The state constitution also doesn't say whether the attorney general can submit a plan that has failed to pass one or both chambers to the Supreme Court.

"That's an open question," said Secretary of State Kris Kobach, a conservative Republican and former law professor. "It's certainly a question that's never been ruled on."

The pending federal lawsuit, which was filed by a Republican precinct committee woman from Olathe, suggests that a panel of three judges could allow her attorneys and Kobach to submit plans, or accept one she likes, similar to plans favored by conservatives. Kobach, the state's chief elections officer, is the defendant in the lawsuit.

Some legislators said neither the federal judges nor the state Supreme Court probably would make protecting incumbent legislators a relatively high priority in considering maps.

"It is definitely Russian Roulette game for everybody," said Sen. Dick Kelsey, a conservative Goddard Republican.

Comments

JayhawkFan1985 2 years, 11 months ago

The GOP is imploding both at the national level and even more importantly in Kansas. I hope all the moderate Republicans will take the reasonable step of joing the Democratic Party. It is the only sane thing left to do at this point.

Fossick 2 years, 11 months ago

Far be it from me to cheer the GOP*, but are you talking about the GOP that holds 75% of the House and senate seats in Kansas, every statewide office, all four congressional seats, both senate seats, and which nationally picked up 6 senate seats, 63 House seats as well as control of the House, 6 governorships, and a large number of state legislative chambers in 2010? That GOP? A lot of words might apply to the Republicans, but "imploding" is not one of them.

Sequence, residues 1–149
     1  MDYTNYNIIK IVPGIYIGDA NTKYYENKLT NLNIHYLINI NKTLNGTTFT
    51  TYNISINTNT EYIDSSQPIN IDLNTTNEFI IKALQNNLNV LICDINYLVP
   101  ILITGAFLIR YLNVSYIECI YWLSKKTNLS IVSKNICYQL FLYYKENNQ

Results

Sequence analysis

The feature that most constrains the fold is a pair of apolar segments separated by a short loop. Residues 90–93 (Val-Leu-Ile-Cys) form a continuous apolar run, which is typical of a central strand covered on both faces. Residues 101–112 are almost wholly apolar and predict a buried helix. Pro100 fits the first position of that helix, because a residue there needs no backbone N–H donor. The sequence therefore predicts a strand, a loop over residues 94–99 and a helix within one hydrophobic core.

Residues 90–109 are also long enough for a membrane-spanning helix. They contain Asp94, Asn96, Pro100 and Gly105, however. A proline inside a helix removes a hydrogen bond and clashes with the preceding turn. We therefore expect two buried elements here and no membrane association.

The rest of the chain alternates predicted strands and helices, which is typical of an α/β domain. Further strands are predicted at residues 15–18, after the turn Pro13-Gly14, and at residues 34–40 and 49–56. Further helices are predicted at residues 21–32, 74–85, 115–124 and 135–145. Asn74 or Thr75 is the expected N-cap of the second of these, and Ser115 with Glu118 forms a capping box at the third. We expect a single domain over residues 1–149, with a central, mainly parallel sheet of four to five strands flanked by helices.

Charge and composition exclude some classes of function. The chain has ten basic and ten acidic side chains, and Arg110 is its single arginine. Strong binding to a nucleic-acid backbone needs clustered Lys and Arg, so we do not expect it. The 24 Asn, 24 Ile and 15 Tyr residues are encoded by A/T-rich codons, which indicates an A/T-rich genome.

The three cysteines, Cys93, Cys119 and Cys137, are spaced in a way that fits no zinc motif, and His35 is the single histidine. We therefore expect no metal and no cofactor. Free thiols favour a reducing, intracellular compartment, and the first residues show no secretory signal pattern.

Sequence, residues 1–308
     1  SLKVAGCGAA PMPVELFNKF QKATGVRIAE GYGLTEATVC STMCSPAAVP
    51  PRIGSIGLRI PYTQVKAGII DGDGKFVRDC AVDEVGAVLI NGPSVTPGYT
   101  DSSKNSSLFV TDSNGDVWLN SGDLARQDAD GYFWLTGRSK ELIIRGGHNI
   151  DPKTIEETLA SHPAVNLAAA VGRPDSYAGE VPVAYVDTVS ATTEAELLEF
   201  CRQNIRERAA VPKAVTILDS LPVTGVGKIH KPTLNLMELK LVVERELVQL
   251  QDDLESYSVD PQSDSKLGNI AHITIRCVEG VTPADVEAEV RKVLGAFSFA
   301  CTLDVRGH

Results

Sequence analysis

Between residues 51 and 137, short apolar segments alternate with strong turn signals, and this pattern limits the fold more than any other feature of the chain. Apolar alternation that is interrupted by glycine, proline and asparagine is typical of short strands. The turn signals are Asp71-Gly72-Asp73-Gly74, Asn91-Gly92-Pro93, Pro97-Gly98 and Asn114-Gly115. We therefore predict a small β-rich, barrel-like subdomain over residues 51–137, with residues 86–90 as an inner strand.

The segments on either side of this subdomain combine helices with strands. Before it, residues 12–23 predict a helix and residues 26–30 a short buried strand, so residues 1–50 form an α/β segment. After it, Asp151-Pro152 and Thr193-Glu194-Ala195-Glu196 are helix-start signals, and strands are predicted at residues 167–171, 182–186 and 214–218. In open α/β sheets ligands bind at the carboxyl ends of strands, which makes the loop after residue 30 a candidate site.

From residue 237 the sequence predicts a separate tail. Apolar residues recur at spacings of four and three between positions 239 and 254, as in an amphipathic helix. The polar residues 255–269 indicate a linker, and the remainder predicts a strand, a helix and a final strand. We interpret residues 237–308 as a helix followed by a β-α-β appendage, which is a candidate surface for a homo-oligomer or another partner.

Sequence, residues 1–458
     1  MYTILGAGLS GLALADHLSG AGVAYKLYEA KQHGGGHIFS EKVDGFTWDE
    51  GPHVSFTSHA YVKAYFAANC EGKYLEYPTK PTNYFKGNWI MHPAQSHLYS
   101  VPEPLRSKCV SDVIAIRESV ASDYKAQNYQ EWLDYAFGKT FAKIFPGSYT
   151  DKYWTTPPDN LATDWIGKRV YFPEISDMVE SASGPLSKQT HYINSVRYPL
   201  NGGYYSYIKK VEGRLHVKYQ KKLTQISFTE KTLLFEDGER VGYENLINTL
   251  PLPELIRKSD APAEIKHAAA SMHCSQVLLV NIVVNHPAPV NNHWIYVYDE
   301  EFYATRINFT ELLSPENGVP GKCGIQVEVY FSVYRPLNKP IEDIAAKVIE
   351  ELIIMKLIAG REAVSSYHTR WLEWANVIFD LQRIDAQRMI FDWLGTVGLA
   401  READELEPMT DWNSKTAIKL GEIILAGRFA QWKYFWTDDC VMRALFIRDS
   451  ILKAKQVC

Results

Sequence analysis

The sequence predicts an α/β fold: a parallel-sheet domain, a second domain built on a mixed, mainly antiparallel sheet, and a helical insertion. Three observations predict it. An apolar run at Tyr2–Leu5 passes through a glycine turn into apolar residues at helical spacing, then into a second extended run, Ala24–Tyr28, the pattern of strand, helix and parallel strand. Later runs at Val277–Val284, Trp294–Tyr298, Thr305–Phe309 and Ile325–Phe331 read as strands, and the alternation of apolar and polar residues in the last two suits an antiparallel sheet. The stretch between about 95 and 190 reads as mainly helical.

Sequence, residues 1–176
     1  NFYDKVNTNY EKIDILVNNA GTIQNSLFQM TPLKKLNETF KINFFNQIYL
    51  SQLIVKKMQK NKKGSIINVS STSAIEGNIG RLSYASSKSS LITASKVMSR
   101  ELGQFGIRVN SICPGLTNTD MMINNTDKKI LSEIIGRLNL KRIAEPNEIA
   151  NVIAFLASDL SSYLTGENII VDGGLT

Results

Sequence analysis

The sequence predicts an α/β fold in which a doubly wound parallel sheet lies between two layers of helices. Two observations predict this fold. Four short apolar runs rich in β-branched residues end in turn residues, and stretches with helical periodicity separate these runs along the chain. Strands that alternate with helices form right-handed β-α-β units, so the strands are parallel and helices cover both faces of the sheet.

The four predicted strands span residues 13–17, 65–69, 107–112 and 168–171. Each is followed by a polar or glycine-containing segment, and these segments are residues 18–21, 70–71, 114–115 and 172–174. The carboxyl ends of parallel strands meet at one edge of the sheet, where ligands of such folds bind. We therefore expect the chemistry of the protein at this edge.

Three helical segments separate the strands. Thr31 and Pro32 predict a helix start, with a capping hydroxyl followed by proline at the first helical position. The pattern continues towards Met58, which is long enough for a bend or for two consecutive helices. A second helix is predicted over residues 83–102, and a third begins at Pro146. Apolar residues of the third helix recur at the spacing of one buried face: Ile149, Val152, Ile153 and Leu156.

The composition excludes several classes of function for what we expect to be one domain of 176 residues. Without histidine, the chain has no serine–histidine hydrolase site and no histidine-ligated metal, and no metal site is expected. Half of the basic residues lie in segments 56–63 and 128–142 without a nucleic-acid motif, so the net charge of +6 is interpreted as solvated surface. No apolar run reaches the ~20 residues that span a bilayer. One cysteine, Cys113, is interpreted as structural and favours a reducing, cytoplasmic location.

Here's a clue: "analysis" and "wishful thinking" have different meanings. If the Dems want to gain on the GOP here and keep what they have nationally, they're going to have to come up with some good ideas and some better candidates. Paul Morrison, Mark Parkinson, and Cindy Neighbor do not constitute a plan. Wishing, wishing, wishing for the other party to implode is not really a plan, either.

  • I voted for 3 Republicans last time around, and I'll be hard-pressed to find 2 this time who will earn my wholly irrelevant endorsement.

JayhawkFan1985 2 years, 11 months ago

I think they picked up seats because rednecks voted in response to a black man being elected president. They won't vote again as the tea party accomplished nothing. Kansas won't be fooled again by the right wing party of doom.

kansanjayhawk 2 years, 11 months ago

That is silly. Why would even a moderate join the party of tax and spend, lose moral values, and hatred for traditional America? The moderates need to compromise and do what they claim they do so well.

just_another_bozo_on_this_bus 2 years, 11 months ago

Translation: Resistance is Futile!! You will be absorbed!!

William Weissbeck 2 years, 11 months ago

Tax and spend at the state level is hardly something Kansas Democrats have either excelled in or made a practice of. For all the recent Democratic governors, the legislature has been solidly GOP. It's a matter of priorities, like education, and avoiding the social crap. It's called governing for all Kansans, not trying to create some weird John Birch meets John Calvin/Oliver Cromwell enclave in the middle of nowhere. I wouldn't throw the lose moral values thing around too much. The GOP has more than a few whose behind closed door activities we'd all just as soon not know about.